(By Bob McCurdy) The data for the chart below comes from Nielsen’s sales mapping tool, Rhiza, which utilizes Polk automotive data, which provides auto buyer demographics. This means it summarizes who actually purchased/leased new automobiles, not who one thinks purchased/leased them.
It would be safe to conclude that, give or take a few percentage points, the data would be similar in most markets. This opinion is based upon the similarity of three markets analyzed: Boston, Detroit, and Philadelphia.
Baby boomers were born between the years 1946-1964 and range between 56 and 74 years of age, which means they fall outside the 25-54 demo, and as such are regularly deemed to be of little importance by marketers. This in spite of “seniors” having never been healthier or wealthier, and the plethora of stats that support their massive spend across all product categories.
How important are boomers to U.S. commerce? According to U.S. News & World Report, boomers control 70% of the country’s disposable income, spending $3.2 trillion a year, and they buy products that might even surprise some. Harley-Davidson Chief Marketing Officer Mark Hans-Richer has said, “We sell new bikes to guys in their 80s all the time.” Boomers are active, and many think and act as if they are 20% younger, according to a Michigan State study.
Robert Passikoff, President of Brand Keys Inc., told the New York Times that, “While the millennials are sharing stuff, boomers are buying stuff. If you are a brand, you are in business to make money, and a tweet or share or laugh online doesn’t translate into actual bottom-line dollars. Boomers are an audience that’s worth pursuing in virtually every category.” Yet a study by the National Venture Capital Association, Ernst & Young, and AARP found ad spend targeting this group is minuscule, concluding, “Baby boomers are targeted by just 5-10 percent of marketing.”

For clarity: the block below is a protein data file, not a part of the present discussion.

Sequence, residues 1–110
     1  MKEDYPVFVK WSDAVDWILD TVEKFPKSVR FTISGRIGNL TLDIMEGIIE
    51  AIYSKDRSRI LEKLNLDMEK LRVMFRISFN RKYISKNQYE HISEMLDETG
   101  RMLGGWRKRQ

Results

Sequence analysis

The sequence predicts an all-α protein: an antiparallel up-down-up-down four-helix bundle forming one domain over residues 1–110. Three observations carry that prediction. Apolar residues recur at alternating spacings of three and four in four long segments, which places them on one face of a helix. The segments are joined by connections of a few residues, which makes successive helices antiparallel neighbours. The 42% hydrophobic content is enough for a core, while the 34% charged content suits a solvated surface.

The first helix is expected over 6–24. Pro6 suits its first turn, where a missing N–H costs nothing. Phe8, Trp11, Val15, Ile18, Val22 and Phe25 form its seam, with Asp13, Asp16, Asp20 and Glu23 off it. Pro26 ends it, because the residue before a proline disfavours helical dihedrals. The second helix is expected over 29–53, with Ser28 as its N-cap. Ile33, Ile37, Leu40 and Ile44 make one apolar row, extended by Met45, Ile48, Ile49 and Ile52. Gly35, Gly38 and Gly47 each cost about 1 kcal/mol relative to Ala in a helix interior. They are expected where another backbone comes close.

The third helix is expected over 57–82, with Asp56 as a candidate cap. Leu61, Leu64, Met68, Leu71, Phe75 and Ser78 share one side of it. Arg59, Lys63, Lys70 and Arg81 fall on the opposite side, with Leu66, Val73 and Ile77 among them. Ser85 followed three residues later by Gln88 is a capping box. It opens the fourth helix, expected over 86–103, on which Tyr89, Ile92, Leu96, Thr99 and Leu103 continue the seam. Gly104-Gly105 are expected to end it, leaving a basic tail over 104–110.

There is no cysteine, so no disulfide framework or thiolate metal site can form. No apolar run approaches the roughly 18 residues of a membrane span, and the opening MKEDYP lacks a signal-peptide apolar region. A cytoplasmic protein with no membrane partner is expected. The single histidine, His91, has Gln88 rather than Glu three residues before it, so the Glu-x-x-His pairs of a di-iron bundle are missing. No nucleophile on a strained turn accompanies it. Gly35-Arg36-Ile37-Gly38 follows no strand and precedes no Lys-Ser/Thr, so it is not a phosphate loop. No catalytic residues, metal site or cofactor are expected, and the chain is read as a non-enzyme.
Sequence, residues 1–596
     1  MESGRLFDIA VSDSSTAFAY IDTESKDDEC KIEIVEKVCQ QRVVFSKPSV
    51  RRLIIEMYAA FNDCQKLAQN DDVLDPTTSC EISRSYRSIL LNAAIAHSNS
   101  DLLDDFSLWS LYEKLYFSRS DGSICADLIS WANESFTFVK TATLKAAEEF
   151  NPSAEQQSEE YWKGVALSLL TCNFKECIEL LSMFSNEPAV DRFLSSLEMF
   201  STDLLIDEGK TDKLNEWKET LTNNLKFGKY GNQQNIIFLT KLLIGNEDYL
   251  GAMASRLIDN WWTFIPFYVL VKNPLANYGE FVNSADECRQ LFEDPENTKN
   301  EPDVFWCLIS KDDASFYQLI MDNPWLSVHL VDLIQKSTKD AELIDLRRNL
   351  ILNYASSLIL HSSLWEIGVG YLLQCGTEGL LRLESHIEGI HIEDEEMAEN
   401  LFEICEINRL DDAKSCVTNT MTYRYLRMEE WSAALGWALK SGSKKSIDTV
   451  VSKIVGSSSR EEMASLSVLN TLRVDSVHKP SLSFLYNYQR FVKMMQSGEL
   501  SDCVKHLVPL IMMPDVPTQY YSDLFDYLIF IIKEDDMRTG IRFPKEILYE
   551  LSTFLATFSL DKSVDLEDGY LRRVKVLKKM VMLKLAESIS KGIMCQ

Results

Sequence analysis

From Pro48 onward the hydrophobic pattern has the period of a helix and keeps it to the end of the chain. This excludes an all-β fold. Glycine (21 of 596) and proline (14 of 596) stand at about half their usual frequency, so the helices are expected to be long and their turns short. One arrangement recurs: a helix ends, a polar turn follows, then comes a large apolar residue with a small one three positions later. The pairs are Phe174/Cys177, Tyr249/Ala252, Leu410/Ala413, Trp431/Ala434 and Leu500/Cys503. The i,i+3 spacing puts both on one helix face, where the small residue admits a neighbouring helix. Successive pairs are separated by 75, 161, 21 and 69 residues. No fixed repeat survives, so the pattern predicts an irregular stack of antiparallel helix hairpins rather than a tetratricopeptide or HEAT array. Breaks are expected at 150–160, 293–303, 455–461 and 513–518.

Nielsen has projected that boomers spend almost $90 billion a year on cars, so let’s compare boomer new car purchases/leases with other demos using Rhiza. Millennials and Generation Z may be the future, but the boomers have the cash, as well as the need and desire to spend it now.
Some key takeaways from the following data:
– Adults 75+ purchased 11x as many new cars as those aged 18-24.
– For every 100 new cars that the 25-34 adult purchases/leases, the 75+ adult purchases/leases 75.
– The 55-64 adult purchased/leased more new automobiles than any other demo.
– On average the 55-64 adult accounted for +123% more new car purchases/leases than the 25-34 adult.
– 55+ adults can’t be ignored when it comes to moving metal off dealer lots, accounting for virtually half (46.2%) of all new car purchases/leases in Boston in 2019, 49.7% in Philadelphia, and 46.8% in Detroit.
– The 65-74 adult accounted for 56% more new auto purchases/leases than the 25-34 adult.
– The percentage of new car purchases/leases by demo are largely consistent across the other two markets analyzed, Philadelphia and Detroit.
If you handle an auto dealership, it will be well worth a minute or two reviewing the purchases/leases by OEM — they are remarkably similar regardless of make. The two outliers appear to be Chrysler (this was consistent across all three markets) and Tesla.
The importance of the 55-74 year old adult can’t be ignored.
Target the A25-54 demo to reach the car buyer and you just might execute an efficient buy ineffectively. Take better aim by including the A55-64 demo and you just might hit a bullseye. The highways in America are clearly grayer than the reverence bestowed upon the 25-54 demo suggests.
So what are boomers good for besides lending their children money, babysitting the grandkids, and frequenting CVS and Walgreens? It appears to be buying or leasing new automobiles — and a lot of them.
The 25-54 demo is an incredibly unreliable proxy to target new car buyers. Many dealerships are overlooking a huge opportunity by not marketing to boomers because of what appears be a preference to pursue Millennials and Generation X.
The breakout above should serve as an impetus for all involved in the marketing of automobiles and selling of media to reevaluate what we all think we know.